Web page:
Is it so bad to wish for new, or at least, well thought out ideas?

I grew up watching TLC, The Discovery Channel and History Channel.  Back when they had programming that actually taught things. After a few years of watching pieces on Dinosaurs, I slowly found myself already reaching the cap of knowledge.  It wasn’t that there was no more about Dinosaurs to learn, just that this was the cap that the channel was not willing to go over.  I guess in the interest of maintaining an audience.

They can’t exactly give a college level Paleontology piece.  Later the internet became a real thing, or maybe I just got old enough for it to mean something to me, and I found much more information out there.

Now-a-days, when I get an informational itch. I can run to youtube and find out as much as I want on a subject.  Sometimes literally from a college class lecture posted on the university site.  Which is just amazing to me.  This may have made me spoiled.

Now when I see a show online, I have expectations.  If it’s a fairly new channel, I can accept bad production value for more in-depth information.  For a channel with some money in it, I expect a certain amount of safety, meaning they aren’t going to poo on their sponsors and want go all out raging.

These two channels ‘PBS Idea Channel‘ and ‘PBS Game/Show‘ both have a bit of money and about the same production value.  I am Fairly sure they aren’t done by just one person.  There is a world of difference between them though.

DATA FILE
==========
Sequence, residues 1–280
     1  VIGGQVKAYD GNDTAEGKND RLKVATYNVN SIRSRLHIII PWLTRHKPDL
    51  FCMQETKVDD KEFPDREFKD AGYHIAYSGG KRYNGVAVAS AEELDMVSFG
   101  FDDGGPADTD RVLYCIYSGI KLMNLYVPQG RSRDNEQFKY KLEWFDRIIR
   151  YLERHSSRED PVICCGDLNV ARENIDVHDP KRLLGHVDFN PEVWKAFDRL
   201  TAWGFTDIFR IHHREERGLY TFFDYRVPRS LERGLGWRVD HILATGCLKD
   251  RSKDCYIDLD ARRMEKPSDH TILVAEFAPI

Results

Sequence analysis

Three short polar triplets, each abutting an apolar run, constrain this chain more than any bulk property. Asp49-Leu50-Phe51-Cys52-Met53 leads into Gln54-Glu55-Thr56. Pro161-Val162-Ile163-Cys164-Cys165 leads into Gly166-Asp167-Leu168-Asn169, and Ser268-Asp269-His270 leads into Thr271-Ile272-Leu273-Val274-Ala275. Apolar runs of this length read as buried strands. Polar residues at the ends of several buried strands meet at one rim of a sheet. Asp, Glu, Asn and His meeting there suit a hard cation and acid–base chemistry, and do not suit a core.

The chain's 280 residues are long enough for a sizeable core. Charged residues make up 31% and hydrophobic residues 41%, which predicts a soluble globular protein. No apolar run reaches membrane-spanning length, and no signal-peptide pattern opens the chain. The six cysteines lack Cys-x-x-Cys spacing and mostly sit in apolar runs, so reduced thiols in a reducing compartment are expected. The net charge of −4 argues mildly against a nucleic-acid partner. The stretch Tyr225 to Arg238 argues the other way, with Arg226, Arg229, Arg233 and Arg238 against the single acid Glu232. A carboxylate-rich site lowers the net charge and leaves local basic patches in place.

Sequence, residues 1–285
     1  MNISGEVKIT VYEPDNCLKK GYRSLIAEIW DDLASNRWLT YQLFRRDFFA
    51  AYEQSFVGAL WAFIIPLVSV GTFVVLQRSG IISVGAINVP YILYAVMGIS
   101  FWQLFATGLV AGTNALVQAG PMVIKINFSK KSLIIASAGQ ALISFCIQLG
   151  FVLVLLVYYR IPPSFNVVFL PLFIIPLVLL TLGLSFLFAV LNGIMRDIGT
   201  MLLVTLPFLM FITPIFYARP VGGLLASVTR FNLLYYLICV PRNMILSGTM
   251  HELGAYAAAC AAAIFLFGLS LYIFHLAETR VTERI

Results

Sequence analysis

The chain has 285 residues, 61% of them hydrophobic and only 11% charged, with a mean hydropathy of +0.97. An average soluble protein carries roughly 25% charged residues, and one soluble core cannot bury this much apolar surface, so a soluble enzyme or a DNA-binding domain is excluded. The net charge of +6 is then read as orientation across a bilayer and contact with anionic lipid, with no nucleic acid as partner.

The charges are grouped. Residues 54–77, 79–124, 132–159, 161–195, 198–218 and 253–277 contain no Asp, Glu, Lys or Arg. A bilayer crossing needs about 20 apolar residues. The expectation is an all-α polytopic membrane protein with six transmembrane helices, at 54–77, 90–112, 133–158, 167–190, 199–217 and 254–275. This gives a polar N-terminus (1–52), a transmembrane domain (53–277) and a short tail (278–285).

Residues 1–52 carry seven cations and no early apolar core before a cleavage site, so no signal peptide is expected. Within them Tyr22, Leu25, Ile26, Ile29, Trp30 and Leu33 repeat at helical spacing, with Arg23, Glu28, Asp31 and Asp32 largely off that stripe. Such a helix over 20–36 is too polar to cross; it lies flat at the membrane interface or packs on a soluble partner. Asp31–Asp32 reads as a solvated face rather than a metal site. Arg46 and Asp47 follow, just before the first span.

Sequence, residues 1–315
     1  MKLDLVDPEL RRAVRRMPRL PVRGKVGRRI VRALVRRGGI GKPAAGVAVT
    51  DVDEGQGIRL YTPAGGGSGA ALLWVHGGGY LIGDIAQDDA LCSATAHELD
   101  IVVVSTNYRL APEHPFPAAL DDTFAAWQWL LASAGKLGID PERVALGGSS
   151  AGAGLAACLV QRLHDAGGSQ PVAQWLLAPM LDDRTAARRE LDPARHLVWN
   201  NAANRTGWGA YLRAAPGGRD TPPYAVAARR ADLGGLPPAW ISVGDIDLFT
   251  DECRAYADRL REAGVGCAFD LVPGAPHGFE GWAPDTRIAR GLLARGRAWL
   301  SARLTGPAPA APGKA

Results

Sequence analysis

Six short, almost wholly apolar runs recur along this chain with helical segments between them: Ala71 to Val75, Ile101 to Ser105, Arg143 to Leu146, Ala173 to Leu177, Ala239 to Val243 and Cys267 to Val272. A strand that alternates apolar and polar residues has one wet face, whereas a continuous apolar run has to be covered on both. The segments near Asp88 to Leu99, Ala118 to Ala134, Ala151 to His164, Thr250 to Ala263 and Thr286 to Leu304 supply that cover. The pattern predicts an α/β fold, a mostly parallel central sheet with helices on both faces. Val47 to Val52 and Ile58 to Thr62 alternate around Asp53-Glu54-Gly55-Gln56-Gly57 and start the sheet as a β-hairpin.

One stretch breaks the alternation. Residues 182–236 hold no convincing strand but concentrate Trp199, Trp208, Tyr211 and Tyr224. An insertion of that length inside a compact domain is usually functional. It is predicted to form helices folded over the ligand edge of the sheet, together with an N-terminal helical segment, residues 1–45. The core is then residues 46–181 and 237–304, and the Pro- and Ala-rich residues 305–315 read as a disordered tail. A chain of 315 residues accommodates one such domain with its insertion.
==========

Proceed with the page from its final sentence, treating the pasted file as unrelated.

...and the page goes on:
The Idea Channel does it’s best to try and expose it’s reader to a new Idea.  Usually with a title like ‘Google is Knowledge’ or ‘The Internet is Cats’.  From there they’ll expand that thought and come around to some sense.  Not everyone would agree if their conclusion is right or not, but everyone is thinking.

PBS Game/show doesn’t do this.  It possesses more provocative titles like ‘Are games Racist’ and ‘Do Video Games Need Feminism?’ or their newest video ‘Will Videogames Become a Controlled Substance’.


Having been an avid viewer of the ‘PBS Idea Channel’, I expected this channel to also make sense of their titles.  I might have also thought they would cover the topic with reasonable care.  The show could even, If I was lucky, give me something new to think about.  Maybe a new perspective?